Finally we have Dear White People, which takes a much more direct approach in its view on racial relationships and perspective. Dear White People addresses the concept of modern racism very shamelessly, starring a group of black students attending a college made up of mostly white ones. In the first episode, a girl named Sam goes up against a ‘blackface’ party that has begun to take root within her college campus. The premise and its execution are definitely powerful and bring up issues that I believe a lot of people would often prefer to ignore, and I found its direct, blunt approach to be refreshing in a lot of ways. However, there are drawbacks to this way of confronting issues. In its attempt to be unapologetically clear about racial injustice, there are times when the show begins to display and even promote an ‘Us vs Them’ mentality between white people and minorities. Even the title of the show evokes a focus on separation, and while I can see why they chose such an evocative name, challenging racial issues by directly calling out certain groups can lead to members of those groups closing their minds and hearts entirely. They do this because they feel personally blamed and attacked, and no matter where the fault actually lies, tact must be utilized to ensure that real communication can occur.

 

 

 

 

 

 

Reality TV: Often Anything But

I, like many others, have always looked upon reality TV with some degree of disdain. From the moment I was introduced to shows like American Idol, Survivor, and any of the dozens of home makeover shows on HGTV, I knew that the reality television genre was not for me. That is not to say that there are no reality TV shows that I have watched and enjoyed. There was a time in which I would catch an episode or two of Pawn Stars daily, as I enjoyed seeing what strange and interesting antiques and collectibles would find their way onto the show. However, even as I watched the few reality shows I liked, I could never shake the feeling that everything I was seeing on screen was ironically extremely fake. I cringed (and still do cringe) whenever I saw the plastered on smiles and heard the canned, dull jokes people on reality TV shows always wielded. Now I have seen the first episodes of two of Netflix’s attempts at re-imagining the reality TV genre, Queer Eye, and Nailed It!, and, I have to say, it has not changed my opinion so much as it has slightly adjusted it.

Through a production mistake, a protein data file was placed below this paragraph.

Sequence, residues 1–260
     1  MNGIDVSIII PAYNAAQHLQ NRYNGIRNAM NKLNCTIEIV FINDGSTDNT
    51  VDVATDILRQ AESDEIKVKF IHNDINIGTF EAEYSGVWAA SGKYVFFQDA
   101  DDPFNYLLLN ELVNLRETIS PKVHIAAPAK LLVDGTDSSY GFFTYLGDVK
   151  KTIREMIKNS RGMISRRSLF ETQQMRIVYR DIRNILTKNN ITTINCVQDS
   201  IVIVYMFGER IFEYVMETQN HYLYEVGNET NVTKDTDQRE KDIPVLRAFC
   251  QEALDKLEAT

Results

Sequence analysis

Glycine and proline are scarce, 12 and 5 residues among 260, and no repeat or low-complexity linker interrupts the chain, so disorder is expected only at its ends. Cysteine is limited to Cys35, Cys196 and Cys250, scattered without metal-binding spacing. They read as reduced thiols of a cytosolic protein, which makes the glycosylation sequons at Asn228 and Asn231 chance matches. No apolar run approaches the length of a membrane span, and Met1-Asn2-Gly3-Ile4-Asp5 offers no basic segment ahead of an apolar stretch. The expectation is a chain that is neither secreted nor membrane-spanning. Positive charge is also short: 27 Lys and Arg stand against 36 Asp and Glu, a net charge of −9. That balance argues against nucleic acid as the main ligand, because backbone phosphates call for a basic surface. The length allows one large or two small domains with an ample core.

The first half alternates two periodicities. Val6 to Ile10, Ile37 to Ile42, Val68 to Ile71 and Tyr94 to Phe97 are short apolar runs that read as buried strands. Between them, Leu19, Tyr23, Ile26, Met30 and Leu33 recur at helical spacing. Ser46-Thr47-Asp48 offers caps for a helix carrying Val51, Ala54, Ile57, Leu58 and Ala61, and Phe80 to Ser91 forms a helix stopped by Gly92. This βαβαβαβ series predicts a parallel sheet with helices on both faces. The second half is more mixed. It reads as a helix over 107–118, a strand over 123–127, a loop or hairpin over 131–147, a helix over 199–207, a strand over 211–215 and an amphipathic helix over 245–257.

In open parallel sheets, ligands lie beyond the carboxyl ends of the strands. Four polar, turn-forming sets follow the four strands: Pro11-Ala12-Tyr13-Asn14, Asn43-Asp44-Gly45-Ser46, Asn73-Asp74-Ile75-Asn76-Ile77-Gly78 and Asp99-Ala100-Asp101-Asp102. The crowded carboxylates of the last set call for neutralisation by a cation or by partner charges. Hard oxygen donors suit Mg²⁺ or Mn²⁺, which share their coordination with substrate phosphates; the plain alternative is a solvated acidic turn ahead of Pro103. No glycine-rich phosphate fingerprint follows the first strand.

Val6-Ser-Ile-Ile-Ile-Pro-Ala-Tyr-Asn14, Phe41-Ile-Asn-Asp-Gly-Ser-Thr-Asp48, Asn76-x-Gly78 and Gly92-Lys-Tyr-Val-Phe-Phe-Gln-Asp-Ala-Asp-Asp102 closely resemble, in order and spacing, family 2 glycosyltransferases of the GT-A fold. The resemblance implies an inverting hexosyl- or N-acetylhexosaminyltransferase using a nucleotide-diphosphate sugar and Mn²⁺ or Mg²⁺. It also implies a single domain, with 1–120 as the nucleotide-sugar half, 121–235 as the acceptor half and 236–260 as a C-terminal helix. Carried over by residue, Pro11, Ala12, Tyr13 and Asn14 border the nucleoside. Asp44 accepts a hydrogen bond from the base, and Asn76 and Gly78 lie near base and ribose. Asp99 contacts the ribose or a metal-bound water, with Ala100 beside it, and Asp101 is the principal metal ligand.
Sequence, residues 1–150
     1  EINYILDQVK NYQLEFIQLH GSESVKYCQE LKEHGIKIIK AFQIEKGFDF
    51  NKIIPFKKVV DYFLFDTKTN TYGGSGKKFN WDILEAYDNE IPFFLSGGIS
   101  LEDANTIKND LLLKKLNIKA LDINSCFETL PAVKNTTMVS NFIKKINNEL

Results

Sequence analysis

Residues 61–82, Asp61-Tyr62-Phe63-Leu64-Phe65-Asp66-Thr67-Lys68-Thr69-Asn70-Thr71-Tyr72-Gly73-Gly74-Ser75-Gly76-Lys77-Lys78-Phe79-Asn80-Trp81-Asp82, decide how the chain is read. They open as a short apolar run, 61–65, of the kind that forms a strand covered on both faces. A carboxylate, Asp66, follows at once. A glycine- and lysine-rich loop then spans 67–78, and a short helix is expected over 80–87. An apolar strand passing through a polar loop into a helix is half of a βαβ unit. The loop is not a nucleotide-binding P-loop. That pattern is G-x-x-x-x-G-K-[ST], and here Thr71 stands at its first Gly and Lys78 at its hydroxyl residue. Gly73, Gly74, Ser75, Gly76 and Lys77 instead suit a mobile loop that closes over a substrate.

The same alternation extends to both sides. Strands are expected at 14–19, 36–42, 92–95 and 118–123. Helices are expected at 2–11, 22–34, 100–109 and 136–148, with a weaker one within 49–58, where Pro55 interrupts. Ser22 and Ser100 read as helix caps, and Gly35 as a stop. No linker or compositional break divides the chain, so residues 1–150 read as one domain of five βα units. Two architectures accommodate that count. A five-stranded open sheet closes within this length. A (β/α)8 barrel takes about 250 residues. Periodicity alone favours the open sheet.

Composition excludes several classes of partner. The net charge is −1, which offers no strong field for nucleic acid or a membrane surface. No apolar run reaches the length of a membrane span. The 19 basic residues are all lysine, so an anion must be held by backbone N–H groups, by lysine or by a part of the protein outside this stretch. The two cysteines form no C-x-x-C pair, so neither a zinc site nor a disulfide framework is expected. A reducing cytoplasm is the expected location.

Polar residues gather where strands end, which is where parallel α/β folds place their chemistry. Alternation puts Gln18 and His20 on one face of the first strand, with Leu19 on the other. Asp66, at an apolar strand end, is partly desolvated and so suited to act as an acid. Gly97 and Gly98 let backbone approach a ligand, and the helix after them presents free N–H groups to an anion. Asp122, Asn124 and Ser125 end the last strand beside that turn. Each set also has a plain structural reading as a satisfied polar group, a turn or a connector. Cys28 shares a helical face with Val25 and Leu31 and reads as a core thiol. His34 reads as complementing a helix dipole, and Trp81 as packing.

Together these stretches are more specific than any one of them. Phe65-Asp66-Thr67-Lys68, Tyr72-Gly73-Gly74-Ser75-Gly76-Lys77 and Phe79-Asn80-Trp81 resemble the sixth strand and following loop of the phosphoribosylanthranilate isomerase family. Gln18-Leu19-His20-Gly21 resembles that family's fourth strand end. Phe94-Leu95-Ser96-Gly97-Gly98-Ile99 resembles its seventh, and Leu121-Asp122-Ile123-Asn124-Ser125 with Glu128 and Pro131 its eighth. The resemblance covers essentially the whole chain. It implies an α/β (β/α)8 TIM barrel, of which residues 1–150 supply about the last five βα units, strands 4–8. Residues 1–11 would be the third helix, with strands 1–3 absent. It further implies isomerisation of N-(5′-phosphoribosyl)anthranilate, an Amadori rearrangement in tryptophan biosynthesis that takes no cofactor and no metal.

If there’s one thing good I can say about the two shows mentioned above, it is that they manage to remove a lot of the ‘trashiness’ that was often inherently involved in a lot of reality programming. And when I say ‘trashiness’, what I mean is mean-spirited or low-brow attempts at entertaining viewers. In other words, an appeal to the lowest common denominator that ends up making the show, at best, a guilty pleasure for many people. Now, not all reality shows always relied on this kind of content, but many of them forced a competitive edge into their shows in order to create fake conflict and drama. In contrast, Queer Eye does not promote any kind of conflict, instead focusing on life improvement and actual home design in a positive manner. Nailed It!, on the other hand, does have a competitive aspect to it, but tones down the conflict between the cooks to focus more on what they are actually cooking.